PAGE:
Phuck it.

    Peace out, y'all.

    Oh man (5.00 / 1) (#40)
    by CaptHowdy on Wed Dec 10, 2014 at 12:09:13 PM EST
    dont let it get you down.

    Eff it (none / 0) (#42)
    by Dadler on Wed Dec 10, 2014 at 12:43:35 PM EST
    I'm good after a day or two. Sappy is just not the word I ever expected to hear. Whatever. Par for the curse, as they say. Cheers again!!

    Do you think your oh-so-severe (5.00 / 2) (#41)
    by oculus on Wed Dec 10, 2014 at 12:32:06 PM EST
    critic phrases such as "to tell da troot" to ease your pain at reading his rejection letter?  

    Does Comic-Con publish short story collections?  San Diego Reader serially?


    I've known the guy since '87 (5.00 / 1) (#43)
    by Dadler on Wed Dec 10, 2014 at 12:56:14 PM EST
    Always been like that, especially since he was writer-block'd on a big TV series assignment once and, this is 20+ years ago already, I gave him the episode idea he needed, soup to nuts practically, which he got paid for. So he's always treated me as an equal creatively, never pulls literary punches with me, which I respect and need. Except, you know, when I disagree with the angle of the punch and whether it even connected or not. ;-)

    I've heard much worse. The very worst came from a two-bit producer on my first paid screenwriting gig, commenting on the state of our current draft. (a quote I think I've dropped here before): "There's a lot happening here . And it's not bad that a lot's happening. I want a lot to happen. I just don't want so much going on!"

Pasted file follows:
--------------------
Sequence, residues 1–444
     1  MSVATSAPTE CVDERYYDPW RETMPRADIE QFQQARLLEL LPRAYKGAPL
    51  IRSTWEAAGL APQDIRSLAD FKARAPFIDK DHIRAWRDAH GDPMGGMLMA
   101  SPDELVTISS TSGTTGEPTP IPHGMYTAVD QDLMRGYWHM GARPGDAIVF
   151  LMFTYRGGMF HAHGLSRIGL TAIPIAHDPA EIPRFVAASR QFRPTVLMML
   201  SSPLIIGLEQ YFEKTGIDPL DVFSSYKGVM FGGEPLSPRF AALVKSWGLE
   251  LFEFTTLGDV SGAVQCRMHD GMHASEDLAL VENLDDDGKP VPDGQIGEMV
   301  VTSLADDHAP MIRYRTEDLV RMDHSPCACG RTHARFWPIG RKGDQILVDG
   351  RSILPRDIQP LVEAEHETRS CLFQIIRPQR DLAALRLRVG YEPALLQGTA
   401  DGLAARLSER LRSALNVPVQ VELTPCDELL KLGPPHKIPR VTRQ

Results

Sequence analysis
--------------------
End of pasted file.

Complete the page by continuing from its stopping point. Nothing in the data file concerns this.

I must have looked like a dear in floodlights.




    If a literary editor (5.00 / 3) (#44)
    by CoralGables on Wed Dec 10, 2014 at 01:00:10 PM EST
    wrote "to tell da troot", I'm not sure I'd pay any attention to anything they ever said.

    Well I Find the Stories.... (5.00 / 5) (#45)
    by ScottW714 on Wed Dec 10, 2014 at 01:00:51 PM EST
    ...you have linked to anything but sappy, they are gut wrenching, yet insightful as what abuse does to someone too young to fully comprehend it.

    For someone who grew up in the normalest of normal homes who still struggled, I always wonder where I would be if I had grown up in a toxic and abusive environment.

    I can say, with fair certainty, I would not be half the man you are.  Obviously I have no idea who you really are, but anyone who writes with such compassion and conviction is a damn decent human being in my book.

    What I like, and what I really respect, is way you take down abusers, no filters and no mercy, and it wouldn't be nearly as effective without the insights of your stories.


    Thank you, Scott (none / 0) (#48)
    by Dadler on Wed Dec 10, 2014 at 03:09:37 PM EST